Think-aloud protocols involve participants thinking aloud as they are performing a set of specified tasks. Users are asked to say whatever they are looking at, thinking, doing, and feeling as they go about their task. This enables observers to see first-hand the process of task completion (rather than only its final product). read more
Think Alouds are designed to help researchers “read minds.” This is especially helpful when evaluating a person’s mental model of a product, because it reveals assumptions and expectations about how the product works. In design, we use existing mental models to help inform how we communicate a conceptual model to create a change in user behavior.
- Listen to a person while they work (accomplish a task).
- Learn about what frustrates, confuses, and pleases a person.
- Reveal how a person thinks about the problems you appear to be solving.
- Use data to help iterate on the design approach.
1.) Start by introducing the think aloud protocol:
I realize it’s probably a little strange that we’re asking you to share your personal thoughts about something out loud, but this will help us to get insight into your experience and see things through your eyes. You might ask us questions about how things work or what they are, and please don’t be surprised but we’ll probably turn those questions back to you to learn more about what you think should happen and why.
2.) Set up the scenario for each screen (static comp or interactive prototype) to help the participant to understand at a high-level how things work and why they are important.
3.) Encourage the participant to verbally think aloud and share questions/concerns.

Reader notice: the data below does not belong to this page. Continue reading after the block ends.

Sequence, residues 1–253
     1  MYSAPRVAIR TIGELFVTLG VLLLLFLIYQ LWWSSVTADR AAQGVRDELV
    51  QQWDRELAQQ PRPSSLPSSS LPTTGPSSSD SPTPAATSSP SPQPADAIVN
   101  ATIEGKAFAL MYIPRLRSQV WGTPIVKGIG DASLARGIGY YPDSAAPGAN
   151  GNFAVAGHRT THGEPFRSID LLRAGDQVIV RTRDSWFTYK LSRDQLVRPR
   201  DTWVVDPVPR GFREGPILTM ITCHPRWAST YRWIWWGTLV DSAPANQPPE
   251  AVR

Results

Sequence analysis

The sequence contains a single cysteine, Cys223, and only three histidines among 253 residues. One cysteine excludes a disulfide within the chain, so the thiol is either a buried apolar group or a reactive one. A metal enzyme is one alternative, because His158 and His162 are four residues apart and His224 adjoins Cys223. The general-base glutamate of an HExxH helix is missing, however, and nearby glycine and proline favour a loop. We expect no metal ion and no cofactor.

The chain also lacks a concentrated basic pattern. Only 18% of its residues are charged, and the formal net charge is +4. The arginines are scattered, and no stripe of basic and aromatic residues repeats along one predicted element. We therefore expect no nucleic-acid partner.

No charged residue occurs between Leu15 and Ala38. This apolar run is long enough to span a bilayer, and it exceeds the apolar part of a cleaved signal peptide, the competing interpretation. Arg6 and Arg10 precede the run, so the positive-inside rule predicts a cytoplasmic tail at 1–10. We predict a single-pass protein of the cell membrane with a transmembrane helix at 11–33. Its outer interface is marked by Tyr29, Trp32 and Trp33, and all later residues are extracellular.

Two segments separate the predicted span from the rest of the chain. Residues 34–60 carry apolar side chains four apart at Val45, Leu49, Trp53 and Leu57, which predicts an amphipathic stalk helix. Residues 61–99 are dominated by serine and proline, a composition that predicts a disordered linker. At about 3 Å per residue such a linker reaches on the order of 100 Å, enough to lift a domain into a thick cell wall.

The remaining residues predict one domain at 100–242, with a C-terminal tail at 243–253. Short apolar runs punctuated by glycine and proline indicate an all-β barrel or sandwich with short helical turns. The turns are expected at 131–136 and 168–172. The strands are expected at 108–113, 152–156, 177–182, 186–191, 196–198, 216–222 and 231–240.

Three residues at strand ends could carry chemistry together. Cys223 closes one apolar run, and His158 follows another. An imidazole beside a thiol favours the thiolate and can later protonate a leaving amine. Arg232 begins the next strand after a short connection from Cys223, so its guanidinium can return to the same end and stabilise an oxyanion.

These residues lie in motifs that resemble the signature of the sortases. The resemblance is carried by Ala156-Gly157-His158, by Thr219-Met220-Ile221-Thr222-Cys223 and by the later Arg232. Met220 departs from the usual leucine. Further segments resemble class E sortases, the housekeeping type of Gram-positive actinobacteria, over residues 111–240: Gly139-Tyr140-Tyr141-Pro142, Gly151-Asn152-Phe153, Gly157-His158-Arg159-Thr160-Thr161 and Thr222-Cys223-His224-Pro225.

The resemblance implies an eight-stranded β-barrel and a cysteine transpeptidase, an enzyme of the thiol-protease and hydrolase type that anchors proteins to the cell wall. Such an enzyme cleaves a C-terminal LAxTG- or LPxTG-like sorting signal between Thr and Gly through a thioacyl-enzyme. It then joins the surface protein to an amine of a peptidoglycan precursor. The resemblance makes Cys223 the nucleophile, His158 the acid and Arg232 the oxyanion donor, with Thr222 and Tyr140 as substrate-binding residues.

Note: People will usually ask questions, but you don’t need to provide them with answers. Instead ask: “What do you think would happen? What would you want to happen? Would that trigger any other event like an email notification?
- What’s going through your mind right now?
- What would you try to accomplish on this page? (Why?)
- How do you expect that to work?
- How close was that to what you expected?
- What additional information would you want to see? (Why?)
- How do you think you would solve this problem?
Note: Try to avoiding starting questions with “Why?,” instead surface the Why as follow-up.
What people don’t say. Think Alouds aren’t only about the things people say out loud, they are about facial expressions, attitudes, periods of silence, and patterns (what do people notice first). An example: In a study we did about project management, every participant smiled then they saw that “assignee” had become “assignees.” A single “s” made a world of difference.
Measurement errors. Think Alouds can produce errors, because by their nature they slow down the thought process and increase mindfulness. Avoid the term “usability test” with participants because it sets up the idea that people need to do things in a “right” way. The “wrong” way is incredibly valuable!
Embrace silence or “remember the Ma”. Try to give yourself 20 - 30 seconds of pause between a person asking you a question and then responding with, “How do you think that might work?” It is more than likely that the participant will begin to fill up the void with valuable conversation, but it also provides them with a comfortable amount of time to be thoughtful.
Struggle is helpful too. Don’t rescue participants who are struggling. It’s uncomfortable not to jump in and start solving the problem or explaining how things work. Instead, learn what happens when people get lost and how/if they recover.
Hold a debrief session
- Ask the team to list out their top 5 - 10 insights.
- Organize insights into priorities.
- Write down insights on sticky notes and sort priorities into lists/phases.
- Be aware of your body language and what it communicates to other people.
- Balance praise (I struggle with smiling too much).
- If you are doing a remote session, don’t put two people in one room on one screen. Everyone should dial into the session individually to set an equal experience.
- Barnum, Carol M. Usability Testing Essentials
- Rubin, Jeffery and Dana Chisnell. Handbook of Usability Testing: How to Plan, Design, and Conduct Effective Tests
- Think Aloud Protocol by Mozilla Science Lab